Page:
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Murder suspect heads to court-martial

A master sergeant in the Marines has been charged with killing a prostitute

By Associated Press

POSTED:
LAST UPDATED: 02:05 a.m. HST, Oct 26, 2013


A Marine accused of killing a prostitute visiting Hawaii will be court-martialed, the Marine Corps announced Friday.

Master Sgt. Nathaniel Cosby is charged with murder in the death of Ivanice "Ivy" Harris, who was visiting Hawaii from Las Vegas.

An Article 32 hearing, the military's equivalent of a preliminary hearing in civilian court, was held last month to determine whether he should be court-martialed. During that hearing, a Hono­lulu police detective testified that surveillance footage showed Cosby and Harris meeting outside a Waikiki bar and that they were later seen kissing in the elevator of the hotel where he was staying. Several hours later, the footage showed, Cosby was alone in the elevator and pulling a large duffel bag, which he loaded into the back of a sport utility vehicle.

Originally from Oregon, Harris was visiting Hawaii to celebrate her 29th birthday with her boyfriend, who was also her pimp, and two other women, Detective Dru Akagi said.

Her body was found May 20 in a remote area about 40 miles west of Waikiki.

The prosecution's theory is that Cosby drove almost to the westernmost point of the island to scout a location to dump the body, returned to Pearl Harbor for work and then later dumped the body at about midnight, then returned to the hotel.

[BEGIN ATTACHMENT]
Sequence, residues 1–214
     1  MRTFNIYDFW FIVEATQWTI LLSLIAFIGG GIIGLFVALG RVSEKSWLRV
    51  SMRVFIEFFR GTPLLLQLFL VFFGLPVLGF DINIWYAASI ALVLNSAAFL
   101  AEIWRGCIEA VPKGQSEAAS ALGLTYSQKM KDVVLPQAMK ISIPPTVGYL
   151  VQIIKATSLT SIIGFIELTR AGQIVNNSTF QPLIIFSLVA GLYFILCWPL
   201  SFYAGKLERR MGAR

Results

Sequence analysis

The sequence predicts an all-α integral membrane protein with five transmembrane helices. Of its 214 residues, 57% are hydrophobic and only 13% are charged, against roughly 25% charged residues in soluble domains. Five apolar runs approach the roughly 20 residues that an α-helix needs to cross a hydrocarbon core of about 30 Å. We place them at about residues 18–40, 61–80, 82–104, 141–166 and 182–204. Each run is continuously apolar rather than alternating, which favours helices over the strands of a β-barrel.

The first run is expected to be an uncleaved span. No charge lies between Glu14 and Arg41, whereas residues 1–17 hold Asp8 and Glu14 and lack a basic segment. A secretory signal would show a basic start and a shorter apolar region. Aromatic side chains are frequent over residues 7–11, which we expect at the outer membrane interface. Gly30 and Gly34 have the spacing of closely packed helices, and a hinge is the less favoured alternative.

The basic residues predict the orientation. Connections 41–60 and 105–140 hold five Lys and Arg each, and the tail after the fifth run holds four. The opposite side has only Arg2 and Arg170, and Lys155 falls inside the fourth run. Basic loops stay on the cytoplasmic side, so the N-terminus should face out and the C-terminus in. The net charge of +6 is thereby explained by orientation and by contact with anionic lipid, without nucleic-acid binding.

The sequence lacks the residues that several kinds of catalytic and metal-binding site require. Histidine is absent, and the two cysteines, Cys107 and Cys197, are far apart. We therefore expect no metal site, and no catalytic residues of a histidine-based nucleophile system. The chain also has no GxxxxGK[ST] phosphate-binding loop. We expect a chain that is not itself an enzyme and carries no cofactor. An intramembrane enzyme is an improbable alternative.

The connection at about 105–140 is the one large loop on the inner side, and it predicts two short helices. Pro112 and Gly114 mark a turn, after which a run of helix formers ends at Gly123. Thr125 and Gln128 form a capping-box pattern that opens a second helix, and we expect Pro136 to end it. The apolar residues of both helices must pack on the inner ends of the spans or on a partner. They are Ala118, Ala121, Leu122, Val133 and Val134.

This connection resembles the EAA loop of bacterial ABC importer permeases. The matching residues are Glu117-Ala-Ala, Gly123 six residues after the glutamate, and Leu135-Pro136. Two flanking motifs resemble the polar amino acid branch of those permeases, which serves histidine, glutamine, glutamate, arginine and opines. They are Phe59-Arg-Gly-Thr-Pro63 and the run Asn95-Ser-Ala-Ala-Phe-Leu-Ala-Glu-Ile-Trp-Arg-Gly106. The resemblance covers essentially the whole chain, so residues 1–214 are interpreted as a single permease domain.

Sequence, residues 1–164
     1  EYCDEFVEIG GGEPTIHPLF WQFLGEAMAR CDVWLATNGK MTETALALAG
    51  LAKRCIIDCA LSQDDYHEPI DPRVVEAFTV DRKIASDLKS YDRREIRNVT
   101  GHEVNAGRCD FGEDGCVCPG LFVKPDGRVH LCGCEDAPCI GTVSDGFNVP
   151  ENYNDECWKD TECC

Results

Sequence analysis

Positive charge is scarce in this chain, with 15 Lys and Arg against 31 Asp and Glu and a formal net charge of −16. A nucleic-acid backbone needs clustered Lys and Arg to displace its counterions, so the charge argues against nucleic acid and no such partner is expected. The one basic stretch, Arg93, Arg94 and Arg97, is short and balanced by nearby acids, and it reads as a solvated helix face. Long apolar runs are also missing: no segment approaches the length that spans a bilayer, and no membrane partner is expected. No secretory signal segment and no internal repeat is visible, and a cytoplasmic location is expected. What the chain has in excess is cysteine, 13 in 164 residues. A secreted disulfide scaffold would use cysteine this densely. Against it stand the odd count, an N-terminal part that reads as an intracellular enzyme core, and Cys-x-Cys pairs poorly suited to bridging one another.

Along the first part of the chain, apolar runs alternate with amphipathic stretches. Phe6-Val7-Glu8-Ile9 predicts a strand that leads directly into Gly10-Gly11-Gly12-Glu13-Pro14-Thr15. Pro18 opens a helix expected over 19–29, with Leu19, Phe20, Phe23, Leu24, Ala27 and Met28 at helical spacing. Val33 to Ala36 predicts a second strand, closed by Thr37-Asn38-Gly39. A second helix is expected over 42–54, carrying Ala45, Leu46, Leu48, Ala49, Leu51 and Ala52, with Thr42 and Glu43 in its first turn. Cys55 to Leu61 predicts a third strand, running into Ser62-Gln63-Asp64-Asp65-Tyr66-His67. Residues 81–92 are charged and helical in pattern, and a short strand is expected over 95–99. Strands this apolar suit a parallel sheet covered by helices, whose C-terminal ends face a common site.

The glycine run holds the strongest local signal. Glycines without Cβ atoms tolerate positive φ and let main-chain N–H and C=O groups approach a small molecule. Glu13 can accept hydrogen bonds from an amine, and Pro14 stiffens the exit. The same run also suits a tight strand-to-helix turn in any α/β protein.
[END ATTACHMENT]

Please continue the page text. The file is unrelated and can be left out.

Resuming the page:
Cosby is an explosive ordnance disposal technician with Marine Wing Support Squadron-171 in the 1st Marine Aircraft Wing based in Iwa­kuni, Japan. He was on temporary-duty assignment in Hawaii in May.

The 39-year-old is being held at a military detention facility in Pearl Harbor.

An arraignment hearing is scheduled for Nov. 21 at Marine Corps Base Hawaii.

"Unlike the civilian justice system, the military justice system is a portable system with worldwide application," Marine Corps Forces Pacific spokes­man Brade Bartelt said. "As our history demonstrates, military members can be tried for offenses any time, anywhere. Nevertheless, Marines accused of crimes are presumed innocent until proven guilty. As such, we are committed to ensuring that the rights of any Marine accused of a crime are preserved."

Honolulu police began the investigation into Harris' disappearance and death, but the Naval Criminal Investigative Service took over the case.






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